Town Topics — Princeton's Weekly Community Newspaper Since 1946.
Vol. LXII, No. 16
 
Wednesday, April 16, 2008
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Senior Housing Concerns Thwart Merwick Proposal

Matthew Hersh

Following concerns over the need for increased senior housing, and worries over the use of Princeton HealthCare System’s Merwick Care Center site in the immediate future, Borough Council last Tuesday killed the proposed establishment of mixed-use zoning on the Merwick site on Bayard Lane in the Borough, and on the nearby YM/WCA and Stanworth sites.

The entire area, covering roughly 30 acres, represents some of the last undeveloped land in downtown Princeton. Borough Council last examined proposed zoning there in October. The rejection of the proposed zoning is the latest chapter in a four-year process whereby Princeton HealthCare System, the corporate parent of Merwick and University Medical Center at Princeton, plans to sell both sites for the purpose of developing a new campus on roughly 50 acres in Plainsboro.

Princeton University, the contract purchaser of the nine-acre Merwick site and owner of Stanworth housing tract, has indicated that it would turn Merwick into graduate and faculty housing. But calls for senior housing dominated the discussion last week, and although Council offered a tacit rejection in October of senior housing on the Merwick site, suggesting that the market would place middle income residents in the planned housing units on the University Medical Center at Princeton site once the hospital relocates, Council thwarted the zoning plan, which had been expected to pass.The failure of the zoning proposal, by a 3-2 vote, does not appear to have seriously threatened the sale of the Merwick property, but it was considered something of a setback for Princeton HealthCare System, Princeton University, and proponents of the zone, which would allow for a combination of housing types and uses.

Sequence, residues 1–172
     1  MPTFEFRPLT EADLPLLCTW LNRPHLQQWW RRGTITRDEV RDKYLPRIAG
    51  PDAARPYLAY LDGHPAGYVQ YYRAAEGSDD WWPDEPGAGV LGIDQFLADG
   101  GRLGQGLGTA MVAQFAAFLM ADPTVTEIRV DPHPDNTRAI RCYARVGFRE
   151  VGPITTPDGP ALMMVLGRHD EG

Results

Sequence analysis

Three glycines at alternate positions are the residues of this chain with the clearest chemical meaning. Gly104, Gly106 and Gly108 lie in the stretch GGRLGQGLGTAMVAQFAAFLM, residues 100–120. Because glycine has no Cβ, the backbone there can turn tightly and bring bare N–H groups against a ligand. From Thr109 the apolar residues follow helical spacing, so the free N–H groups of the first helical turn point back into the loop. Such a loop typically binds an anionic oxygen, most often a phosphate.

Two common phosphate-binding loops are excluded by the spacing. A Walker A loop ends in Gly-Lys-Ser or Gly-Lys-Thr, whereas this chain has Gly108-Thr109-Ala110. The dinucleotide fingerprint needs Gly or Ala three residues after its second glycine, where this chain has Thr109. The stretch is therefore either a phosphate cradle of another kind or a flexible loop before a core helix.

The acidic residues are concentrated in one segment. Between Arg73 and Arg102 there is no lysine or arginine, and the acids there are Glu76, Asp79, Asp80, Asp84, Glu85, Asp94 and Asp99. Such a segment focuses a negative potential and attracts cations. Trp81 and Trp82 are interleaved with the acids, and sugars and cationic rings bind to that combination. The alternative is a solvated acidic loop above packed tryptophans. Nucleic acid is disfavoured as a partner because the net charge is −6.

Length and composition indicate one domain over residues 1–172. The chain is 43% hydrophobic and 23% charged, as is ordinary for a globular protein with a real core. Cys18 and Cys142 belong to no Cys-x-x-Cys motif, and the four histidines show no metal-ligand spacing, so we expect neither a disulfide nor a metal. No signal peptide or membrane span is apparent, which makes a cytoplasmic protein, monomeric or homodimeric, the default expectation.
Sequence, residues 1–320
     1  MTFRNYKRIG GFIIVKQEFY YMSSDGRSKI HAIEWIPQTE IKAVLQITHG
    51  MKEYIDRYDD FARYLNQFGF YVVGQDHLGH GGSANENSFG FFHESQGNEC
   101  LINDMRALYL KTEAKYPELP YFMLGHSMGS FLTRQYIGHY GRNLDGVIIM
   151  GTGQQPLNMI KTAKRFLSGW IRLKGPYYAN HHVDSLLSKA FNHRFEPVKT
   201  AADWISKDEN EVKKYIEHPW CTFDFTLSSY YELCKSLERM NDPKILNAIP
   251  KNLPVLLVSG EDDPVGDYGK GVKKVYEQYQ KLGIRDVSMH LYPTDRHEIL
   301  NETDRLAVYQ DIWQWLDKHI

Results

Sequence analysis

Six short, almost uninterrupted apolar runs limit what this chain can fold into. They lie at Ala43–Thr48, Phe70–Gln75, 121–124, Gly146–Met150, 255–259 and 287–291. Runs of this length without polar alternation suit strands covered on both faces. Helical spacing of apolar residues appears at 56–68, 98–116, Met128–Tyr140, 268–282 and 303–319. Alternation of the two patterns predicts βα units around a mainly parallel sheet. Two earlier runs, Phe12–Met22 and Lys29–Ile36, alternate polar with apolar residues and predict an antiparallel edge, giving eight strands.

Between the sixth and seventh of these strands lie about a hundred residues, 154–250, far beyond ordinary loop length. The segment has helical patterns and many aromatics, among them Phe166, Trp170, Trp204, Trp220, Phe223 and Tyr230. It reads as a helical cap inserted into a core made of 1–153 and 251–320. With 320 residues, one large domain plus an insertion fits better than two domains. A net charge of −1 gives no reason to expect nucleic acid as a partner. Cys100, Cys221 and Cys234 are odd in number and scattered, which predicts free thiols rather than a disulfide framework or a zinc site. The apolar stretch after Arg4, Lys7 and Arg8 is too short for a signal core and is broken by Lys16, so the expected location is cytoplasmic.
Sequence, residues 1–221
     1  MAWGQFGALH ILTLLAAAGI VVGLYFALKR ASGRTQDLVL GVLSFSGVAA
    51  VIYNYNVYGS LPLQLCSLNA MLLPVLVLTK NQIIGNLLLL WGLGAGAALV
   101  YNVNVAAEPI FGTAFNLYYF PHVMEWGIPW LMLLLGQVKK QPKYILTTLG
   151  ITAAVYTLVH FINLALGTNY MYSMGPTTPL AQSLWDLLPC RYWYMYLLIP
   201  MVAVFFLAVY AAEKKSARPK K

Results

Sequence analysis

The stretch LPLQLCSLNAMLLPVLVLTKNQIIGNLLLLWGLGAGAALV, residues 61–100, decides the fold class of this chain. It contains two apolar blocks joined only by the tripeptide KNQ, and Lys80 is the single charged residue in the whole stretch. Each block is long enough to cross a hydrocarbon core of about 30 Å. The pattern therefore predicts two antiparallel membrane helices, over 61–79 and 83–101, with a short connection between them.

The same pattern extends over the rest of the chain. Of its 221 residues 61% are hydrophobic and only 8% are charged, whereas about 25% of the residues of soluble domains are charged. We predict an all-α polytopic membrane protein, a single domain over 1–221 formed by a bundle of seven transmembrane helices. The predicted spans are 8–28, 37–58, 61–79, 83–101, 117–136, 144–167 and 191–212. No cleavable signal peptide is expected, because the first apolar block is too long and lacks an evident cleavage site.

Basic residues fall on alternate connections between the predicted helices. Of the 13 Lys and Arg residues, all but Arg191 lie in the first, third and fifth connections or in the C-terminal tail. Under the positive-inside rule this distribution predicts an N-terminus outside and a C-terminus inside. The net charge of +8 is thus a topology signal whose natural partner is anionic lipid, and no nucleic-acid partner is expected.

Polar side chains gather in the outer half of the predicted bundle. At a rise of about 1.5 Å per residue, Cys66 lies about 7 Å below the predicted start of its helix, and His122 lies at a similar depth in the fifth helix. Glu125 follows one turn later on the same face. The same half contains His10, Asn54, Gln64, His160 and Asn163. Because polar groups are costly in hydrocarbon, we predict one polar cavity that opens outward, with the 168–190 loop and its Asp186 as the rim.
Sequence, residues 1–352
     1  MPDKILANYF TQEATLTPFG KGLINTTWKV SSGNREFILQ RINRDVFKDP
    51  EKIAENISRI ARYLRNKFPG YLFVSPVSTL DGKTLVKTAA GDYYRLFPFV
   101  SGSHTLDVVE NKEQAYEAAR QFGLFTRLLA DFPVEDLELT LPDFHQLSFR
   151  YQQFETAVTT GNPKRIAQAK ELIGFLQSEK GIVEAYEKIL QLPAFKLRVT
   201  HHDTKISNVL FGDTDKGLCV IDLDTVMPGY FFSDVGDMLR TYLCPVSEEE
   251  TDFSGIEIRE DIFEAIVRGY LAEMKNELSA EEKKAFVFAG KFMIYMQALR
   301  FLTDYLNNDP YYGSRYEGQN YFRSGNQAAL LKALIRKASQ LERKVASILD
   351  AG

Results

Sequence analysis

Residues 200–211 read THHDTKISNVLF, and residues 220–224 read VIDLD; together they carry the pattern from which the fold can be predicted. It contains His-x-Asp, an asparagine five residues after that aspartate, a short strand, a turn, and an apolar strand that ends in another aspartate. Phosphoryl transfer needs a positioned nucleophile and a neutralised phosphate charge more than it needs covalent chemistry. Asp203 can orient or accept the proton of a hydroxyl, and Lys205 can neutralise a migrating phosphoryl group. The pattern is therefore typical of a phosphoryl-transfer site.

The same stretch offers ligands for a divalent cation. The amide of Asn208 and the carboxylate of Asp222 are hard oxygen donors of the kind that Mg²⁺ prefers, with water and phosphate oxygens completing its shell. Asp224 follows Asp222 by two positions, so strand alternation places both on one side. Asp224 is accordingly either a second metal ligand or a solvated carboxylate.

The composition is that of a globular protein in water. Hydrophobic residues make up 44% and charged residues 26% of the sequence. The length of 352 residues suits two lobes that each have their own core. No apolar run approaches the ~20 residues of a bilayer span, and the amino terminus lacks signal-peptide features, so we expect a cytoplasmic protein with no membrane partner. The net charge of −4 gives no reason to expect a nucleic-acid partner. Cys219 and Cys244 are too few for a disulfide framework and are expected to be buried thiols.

“If you want to provide for seniors, then I suggest you proceed with this ordinance,” said Marvin Reed, a former Princeton Borough mayor who chairs the Regional Planning Board of Princeton’s Master Plan Subcommittee. Mr. Reed suggested that if Council were to push for senior housing, it could be done through overlay zones, and density bonuses for developers.

Planning Director Lee Solow appeared to indicate that Merwick would not be the right place for senior housing, saying that it would be “easy” to change the zoning at the hospital’s Witherspoon campus to allow for senior housing, adding that the current hospital is an elevator building with a parking garage. “It would be better than Merwick,” he said.

But Councilwoman Barbara Trelstad, who, along with Councilman Roger Martindell and Councilman Kevin Wilkes, voted against the measure, said that the Merwick site would be “perfect” for senior housing, while voicing concern that even though Princeton University is slated to purchase the Merwick site, it is not included in the recently released Princeton University campus plan. “I’m perplexed that Princeton University has not outlined this."

Mike McKay, the University’s vice president of Facilities, confirmed that there were not “specific” immediate plans for developing Merwick, but that the University would maintain and secure the site in the interim. He added that the University has been “clear that we are going to develop housing for faculty and staff."

Councilman Andrew Koontz and Council President Peggy Karcher voted in favor of the proposed zoning; Mayor Mildred Trotman has recused herself from the hearings because her son works for Princeton House, a division of Princeton HealthCare System. Councilman David Goldfarb recused himself because he works for the law firm Drinker Biddle & Reath, LLP, as does Richard Goldman, who is an attorney representing the University for the Merwick project.

Council could examine a revised zoning ordinance in the coming months.

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